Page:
The Best States for Outdoor Cannabis Cultivation

Cannabis Cultivation
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Every state with legal recreational weed allows adults of a certain age to cultivate their own cannabis crop, and medical marijuana users in certain states have the same liberties. Plenty of cannabis enthusiasts opt to grow their weed of choice indoors, where they have more control over the environment — but if you live in a place where the outdoor climate is ideal for marijuana, shouldn’t you take advantage of nature’s gifts?

If you are interested in outdoor gardening the good green herb, here are the places in the U.S. you should live:


California’s Central Valley has a nickname: the Breadbasket of the World. California is lauded in general for its beautiful weather, which never gets too hot or too cold and which provides enough rain but never too much. The Central Valley in particular boasts perfectly fertile soils as well as a dry but temperate climate that isn’t as affected by the natural disasters of other California regions, like wildfires or earthquakes. As a result, the Central Valley has become a West Coast hub for growing almost anything, from wheat to wine to weed. Indeed, California is already the United States’ largest producer of marijuana, with many growers taking full advantage of the long growing season across the state and the lenient cultivation laws to make large, outdoor cannabis farms.


Poised to pass recreational marijuana regulations in less than a week, Arizona could rocket to the top of the list of best places for outdoor marijuana grow operations. Though Central Arizona summers are much too hot for cannabis plants, which prefer temps in the high 70s and low 80s, almost the entire rest of the year offers ideal conditions for outdoor growing. Meanwhile, Northern Arizona has a gorgeous summertime growing climate, both dry and cool enough for cannabis cultivation. Considering that Arizona marijuana law is about to change, starting an outdoor weed farm in the state could be incredibly lucrative.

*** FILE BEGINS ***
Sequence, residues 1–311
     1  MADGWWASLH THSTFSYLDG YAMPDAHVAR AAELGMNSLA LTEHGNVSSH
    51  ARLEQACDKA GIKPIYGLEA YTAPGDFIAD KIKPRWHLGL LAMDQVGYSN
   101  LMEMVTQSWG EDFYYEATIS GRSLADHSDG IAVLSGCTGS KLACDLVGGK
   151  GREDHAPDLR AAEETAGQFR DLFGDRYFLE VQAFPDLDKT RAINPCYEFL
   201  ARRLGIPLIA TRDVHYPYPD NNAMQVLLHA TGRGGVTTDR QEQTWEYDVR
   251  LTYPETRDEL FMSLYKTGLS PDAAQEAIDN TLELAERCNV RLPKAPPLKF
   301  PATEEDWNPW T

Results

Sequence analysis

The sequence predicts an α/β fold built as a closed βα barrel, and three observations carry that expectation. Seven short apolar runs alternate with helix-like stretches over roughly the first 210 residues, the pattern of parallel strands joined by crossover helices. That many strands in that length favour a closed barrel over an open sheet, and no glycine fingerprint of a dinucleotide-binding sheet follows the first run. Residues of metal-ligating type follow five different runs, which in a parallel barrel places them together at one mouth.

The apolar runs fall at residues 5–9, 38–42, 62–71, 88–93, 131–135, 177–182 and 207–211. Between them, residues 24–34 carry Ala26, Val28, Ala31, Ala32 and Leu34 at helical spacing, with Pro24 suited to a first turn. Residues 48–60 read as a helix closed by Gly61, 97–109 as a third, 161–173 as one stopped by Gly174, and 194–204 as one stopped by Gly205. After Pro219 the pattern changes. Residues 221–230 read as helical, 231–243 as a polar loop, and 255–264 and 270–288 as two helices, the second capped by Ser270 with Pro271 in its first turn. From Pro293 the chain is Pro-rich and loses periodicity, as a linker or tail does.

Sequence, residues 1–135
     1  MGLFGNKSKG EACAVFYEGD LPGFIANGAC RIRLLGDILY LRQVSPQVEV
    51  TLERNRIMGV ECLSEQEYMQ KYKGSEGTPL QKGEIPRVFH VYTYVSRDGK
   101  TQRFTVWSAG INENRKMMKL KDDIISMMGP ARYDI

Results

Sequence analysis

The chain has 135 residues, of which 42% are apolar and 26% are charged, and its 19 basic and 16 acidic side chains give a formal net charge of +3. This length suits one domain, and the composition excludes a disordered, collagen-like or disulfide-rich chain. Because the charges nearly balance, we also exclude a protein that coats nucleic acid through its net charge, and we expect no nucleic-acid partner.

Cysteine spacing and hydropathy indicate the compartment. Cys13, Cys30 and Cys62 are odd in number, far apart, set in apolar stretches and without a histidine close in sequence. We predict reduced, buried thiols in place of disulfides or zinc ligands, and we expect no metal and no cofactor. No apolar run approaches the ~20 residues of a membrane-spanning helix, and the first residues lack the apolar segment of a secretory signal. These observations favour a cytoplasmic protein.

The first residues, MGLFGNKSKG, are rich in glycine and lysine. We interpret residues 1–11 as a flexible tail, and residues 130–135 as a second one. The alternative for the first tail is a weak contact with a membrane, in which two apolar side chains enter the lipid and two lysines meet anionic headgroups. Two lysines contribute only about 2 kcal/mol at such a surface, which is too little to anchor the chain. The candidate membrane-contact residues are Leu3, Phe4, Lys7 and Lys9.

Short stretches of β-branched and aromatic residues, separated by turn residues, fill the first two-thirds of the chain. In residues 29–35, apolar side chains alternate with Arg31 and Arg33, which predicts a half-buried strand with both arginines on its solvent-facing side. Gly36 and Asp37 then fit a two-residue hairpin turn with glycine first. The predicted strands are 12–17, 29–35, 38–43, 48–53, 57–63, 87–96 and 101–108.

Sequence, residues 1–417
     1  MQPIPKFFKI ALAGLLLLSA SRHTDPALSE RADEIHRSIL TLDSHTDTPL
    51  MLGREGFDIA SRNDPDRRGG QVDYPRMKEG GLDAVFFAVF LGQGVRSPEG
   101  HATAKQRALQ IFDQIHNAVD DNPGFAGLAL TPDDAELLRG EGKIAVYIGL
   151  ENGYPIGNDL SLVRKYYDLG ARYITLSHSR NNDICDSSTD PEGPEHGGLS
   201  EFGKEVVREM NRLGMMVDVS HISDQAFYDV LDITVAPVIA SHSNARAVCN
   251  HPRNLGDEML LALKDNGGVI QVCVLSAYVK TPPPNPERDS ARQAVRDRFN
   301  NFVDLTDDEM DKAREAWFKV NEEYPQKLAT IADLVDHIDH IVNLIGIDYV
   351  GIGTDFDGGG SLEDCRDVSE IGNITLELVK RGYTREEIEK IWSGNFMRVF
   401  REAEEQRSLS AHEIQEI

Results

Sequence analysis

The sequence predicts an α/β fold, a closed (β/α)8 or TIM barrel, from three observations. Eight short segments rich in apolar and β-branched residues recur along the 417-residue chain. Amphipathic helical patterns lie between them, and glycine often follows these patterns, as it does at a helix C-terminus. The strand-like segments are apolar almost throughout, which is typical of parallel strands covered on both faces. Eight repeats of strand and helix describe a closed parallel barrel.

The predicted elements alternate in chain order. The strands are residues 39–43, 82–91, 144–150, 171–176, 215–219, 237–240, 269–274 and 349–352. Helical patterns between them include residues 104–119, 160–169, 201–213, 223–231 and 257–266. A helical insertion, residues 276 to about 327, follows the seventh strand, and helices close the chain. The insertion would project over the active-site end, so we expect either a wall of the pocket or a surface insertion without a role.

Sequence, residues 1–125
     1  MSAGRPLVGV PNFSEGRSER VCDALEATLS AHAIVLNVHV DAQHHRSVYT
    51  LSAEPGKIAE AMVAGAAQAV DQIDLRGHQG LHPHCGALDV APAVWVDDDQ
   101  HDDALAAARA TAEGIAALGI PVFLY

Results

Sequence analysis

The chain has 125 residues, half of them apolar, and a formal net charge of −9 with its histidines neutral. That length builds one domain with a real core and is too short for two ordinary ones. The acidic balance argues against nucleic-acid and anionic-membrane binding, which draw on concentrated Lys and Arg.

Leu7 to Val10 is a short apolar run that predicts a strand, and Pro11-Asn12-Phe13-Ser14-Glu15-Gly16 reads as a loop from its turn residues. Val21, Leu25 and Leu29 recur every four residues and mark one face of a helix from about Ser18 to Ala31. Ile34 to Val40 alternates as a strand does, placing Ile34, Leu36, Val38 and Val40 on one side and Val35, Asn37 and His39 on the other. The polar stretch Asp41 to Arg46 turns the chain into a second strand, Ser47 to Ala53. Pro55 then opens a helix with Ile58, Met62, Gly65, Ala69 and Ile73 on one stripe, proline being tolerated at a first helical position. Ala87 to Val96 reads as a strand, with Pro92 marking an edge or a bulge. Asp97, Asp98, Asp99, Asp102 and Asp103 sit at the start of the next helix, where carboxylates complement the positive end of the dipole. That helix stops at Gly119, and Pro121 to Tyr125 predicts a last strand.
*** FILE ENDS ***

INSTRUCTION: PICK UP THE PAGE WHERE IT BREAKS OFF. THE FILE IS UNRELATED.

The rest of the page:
Oregon has some of the biggest, oldest forests in the country — and that’s largely due to its near-perfect growing conditions. At a higher latitude than California and Arizona, Oregon does get a bit darker and cooler in the winter, which does restrict the cannabis growing season quite a bit. Plus, the increased humidity and precipitation around the state can make outdoor growing a bit tricker, with water management a more delicate concern. However, Oregon has lax laws surrounding cannabis cultivation, similar to California, and its booming marijuana industry compels many interested in marijuana growing to set up shop in this state.


Much of Nevada is taken up by the Great Basin, which is unbearably hot and dry. Almost nothing grows in this wasteland terrain — but cannabis growers could change that in the coming years. Indica strains, in particular, are partial to higher temperatures and less moisture, so some of the hardier indicas, like Blueberry and Critical Kush, can thrive in Nevada’s relatively harsh environment. Even better, Nevada has enjoyed legal recreational marijuana for years, and the state’s general support of sin and vice could mean big business for successful cannabis cultivators.


Unfortunately, some of the best states for growing cannabis are also the states where marijuana laws are most restrictive. In particular, states in the southern Midwest or the northern Southeast, like Tennessee and Kentucky, would provide for gorgeous outdoor marijuana farms should their regulations loosen in the near future.

Until then, the next best state for outdoor growing in the region is Arkansas. Benefiting from the fertile soil of the Midwest and the warm climate of the South, this state is another place where cannabis can flourish outdoors. Currently, the state only permits medical marijuana and cultivation requires strict licensing through state boards, but setting up a grow operation in this corner of the country could be beneficial as more Southern states open their doors to legal weed.

New Mexico

Like Arizona and Nevada, New Mexico is mostly desert, meaning it tends to be dry and warm. However, there are two noticeable differences between New Mexico and other Southwest states. First, New Mexico is largely high desert, meaning it gets much colder than other regions. Secondly, New Mexico is remarkably more liberal than most of its surrounding states, meaning that marijuana laws are a bit less strict. There are plenty of resources for cannabis growers interested in outdoor cultivation in the Land of Enchantment, but until New Mexico legalizes recreational use, the market for buyers will be small.

Just as you wouldn’t expect to grow peaches or avocadoes anywhere in the world, you need to plan ahead when preparing your outdoor marijuana grow operation. Some states are better for their laws, and some are better for their climate; your decision should consider all the factors affecting your future farm to ensure success.

Heather Breese
Heather Breese is a qualified writer who fell in love with creativity and became a specialist creator and writer, focused on readers and market need.

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